Now that I had gathered a lot of great images as reference, it was time to put together my illustration. I already felt like I wanted to use much of the images from People & Place to help guide my illustration. I also wanted this to look like a group of young friends getting a photo taken, one for the album! I wanted the street to reflect the emptiness of many areas in England, and include typical landmarks I had come across in my research.

Something that I had seen appear in a few backgrounds of photos, was the big power plants smoking away. It felt somewhat ironic, and bonkers to see so casually polluting populated areas in the background of photos. I also remember the cars games we played as children when on long journeys, collecting points for certain cars you would see, and including power plants in this. the other factor, as mentioned before, was including graffiti that said No Poll Tax, a statement I had seen in the background of several images.

With those two main elements, I just needed to think how I was going to put this together!

First attempt:

This sketch felt as though it was going well, until the more people I added the more wrong everything was looking. Proportions were weird because the perspective was unclear. I was also very focused on using the people in the reference as guidance on the poses I would use. It was a failed attempt, but definitely made me realise I needed to work with perspective for this to feel right. It was straight after this where I decided to introduce the horizon line and perspective grid to keep things looking somewhat correct.

Failed attempts with perspective:

Failed might be a bit strong. They were more like beginning and quitting. I didn't really like the views I was sketching and again I was too focused on taking elements from the photos, rather than basing elements on the photo reference.

I also learned that cars were kind of difficult to draw in the lines!

The sketch that worked:

the final sketch I made became the sketch I went on to develop. It had a structure that I was happy with and a good lineup of people that had variety in their style yet also felt together.

I decided I wasn't going to improve this sketch in the traditional method and feared I would loose the structure I was happy with. So took the photo into Photoshop to continue the sketching.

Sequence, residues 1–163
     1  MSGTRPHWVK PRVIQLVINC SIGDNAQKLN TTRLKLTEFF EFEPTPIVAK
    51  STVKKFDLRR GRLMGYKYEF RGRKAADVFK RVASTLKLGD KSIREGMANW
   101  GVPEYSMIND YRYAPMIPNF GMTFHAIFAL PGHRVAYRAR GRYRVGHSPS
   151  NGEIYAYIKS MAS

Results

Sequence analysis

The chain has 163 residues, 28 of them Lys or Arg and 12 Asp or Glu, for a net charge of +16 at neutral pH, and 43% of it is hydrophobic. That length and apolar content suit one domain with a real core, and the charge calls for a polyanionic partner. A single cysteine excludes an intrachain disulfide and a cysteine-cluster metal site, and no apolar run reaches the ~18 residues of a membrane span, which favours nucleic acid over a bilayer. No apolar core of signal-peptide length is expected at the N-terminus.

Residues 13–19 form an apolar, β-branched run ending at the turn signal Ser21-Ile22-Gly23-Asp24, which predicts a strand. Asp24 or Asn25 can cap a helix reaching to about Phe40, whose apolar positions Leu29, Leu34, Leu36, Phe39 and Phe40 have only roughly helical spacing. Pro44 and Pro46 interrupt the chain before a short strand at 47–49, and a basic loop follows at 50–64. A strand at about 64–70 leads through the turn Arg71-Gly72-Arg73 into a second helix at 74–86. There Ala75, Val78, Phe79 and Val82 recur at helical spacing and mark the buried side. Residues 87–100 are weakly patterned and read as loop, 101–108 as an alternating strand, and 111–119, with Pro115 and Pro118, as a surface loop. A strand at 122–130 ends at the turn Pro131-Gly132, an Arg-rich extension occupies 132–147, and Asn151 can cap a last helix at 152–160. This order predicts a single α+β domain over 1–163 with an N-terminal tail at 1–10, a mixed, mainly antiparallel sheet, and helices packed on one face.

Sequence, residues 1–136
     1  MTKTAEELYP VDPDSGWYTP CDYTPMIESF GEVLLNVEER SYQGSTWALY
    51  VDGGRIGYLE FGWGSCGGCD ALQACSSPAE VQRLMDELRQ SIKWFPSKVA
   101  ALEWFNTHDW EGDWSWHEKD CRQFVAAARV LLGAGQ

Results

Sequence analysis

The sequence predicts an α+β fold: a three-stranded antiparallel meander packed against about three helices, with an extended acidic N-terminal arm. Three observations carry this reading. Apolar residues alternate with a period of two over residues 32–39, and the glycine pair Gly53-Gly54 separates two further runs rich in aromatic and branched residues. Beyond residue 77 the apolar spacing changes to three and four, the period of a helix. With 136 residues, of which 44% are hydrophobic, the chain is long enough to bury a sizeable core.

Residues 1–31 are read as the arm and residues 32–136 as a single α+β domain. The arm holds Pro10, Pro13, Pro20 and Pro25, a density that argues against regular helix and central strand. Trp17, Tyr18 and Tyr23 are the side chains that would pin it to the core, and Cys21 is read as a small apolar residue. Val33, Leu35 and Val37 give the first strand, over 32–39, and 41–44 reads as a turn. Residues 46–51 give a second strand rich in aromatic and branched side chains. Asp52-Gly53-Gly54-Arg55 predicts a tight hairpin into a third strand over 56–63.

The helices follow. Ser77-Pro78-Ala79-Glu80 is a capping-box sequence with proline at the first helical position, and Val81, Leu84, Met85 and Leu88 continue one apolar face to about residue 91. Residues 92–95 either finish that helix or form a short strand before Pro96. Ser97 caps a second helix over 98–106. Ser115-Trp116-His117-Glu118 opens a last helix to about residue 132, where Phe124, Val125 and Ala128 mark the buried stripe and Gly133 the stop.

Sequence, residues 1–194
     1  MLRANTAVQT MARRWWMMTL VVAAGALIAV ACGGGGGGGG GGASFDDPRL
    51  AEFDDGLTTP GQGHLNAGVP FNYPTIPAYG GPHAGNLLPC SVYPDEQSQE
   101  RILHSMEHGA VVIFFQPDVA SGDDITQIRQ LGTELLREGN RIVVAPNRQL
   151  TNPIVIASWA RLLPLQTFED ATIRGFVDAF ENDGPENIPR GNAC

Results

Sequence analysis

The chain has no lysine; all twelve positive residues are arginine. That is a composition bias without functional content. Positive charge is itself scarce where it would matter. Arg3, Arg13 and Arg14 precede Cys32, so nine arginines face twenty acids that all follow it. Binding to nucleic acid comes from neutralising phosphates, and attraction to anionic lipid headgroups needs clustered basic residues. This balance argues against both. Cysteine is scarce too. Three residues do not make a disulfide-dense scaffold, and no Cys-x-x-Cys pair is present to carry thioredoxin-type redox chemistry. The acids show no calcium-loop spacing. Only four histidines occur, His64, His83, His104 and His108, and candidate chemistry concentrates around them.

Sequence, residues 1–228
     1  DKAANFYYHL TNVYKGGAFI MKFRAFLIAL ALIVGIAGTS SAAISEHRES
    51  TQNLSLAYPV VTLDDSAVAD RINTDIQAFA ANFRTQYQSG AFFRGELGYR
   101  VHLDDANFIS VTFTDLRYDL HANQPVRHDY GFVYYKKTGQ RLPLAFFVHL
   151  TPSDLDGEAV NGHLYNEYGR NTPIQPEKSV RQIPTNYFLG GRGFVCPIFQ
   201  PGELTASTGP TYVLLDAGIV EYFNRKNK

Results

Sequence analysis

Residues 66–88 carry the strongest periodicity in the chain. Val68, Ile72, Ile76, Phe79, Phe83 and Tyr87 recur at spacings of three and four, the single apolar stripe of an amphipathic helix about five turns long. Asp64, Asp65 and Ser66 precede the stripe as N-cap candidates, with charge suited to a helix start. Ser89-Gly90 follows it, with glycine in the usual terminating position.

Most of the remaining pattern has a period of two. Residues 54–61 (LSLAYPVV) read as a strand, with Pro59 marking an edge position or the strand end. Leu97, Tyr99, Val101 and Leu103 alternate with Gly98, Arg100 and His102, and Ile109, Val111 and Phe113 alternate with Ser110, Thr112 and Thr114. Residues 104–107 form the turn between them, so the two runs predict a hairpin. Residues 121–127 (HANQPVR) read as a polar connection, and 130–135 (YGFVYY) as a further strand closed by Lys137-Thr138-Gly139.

Here I was able to clean up the perspective. When constructing an original drawing, I sometimes like to use the digital method so I can work in layers and have different colours to separate the elements, making it easier to edit along the way. It makes the work longer, and almost like having to manually copy the work over and over, but it helps get the results I want. Plus jumping from traditional to digital and then finishing with a nice traditional piece is a balance I like! It's also less mess.

Once I was happy with the sketch, I did black outlines of the entire pictures and printed it off to fit A3 size. I traced the drawing in pencil and began with block shading using ProMarker in Warm Grey 2. This would be the only marker I used to colour in some parts of the drawing.

The final shots:

Final Thoughts:

This was a great challenge! I had no idea how I was going to finish this exercise, or where to even begin, but the journey was good fun and it was great to have the nostalgia. I'm pleased with the result of this image as I feel I successfully included all of the elements I wanted to tell in my view of the 90's. I included brands that were typical of this time, I squeezed a couple of cars which honestly could be from any era as they're the least recognisable but they're there! The graffiti is on a few walls and the power plant is puffing in the background. The corner shop felt important, and although a characters head cuts some of the writing out, using booze as a shop sign felt the kind of language that sat well during this period. There's a few different types of housing in the view, with a good old typical England flag hanging in one of the windows.

Maybe it doesn't scream 90's but I kind of feel like it worked from my point of view.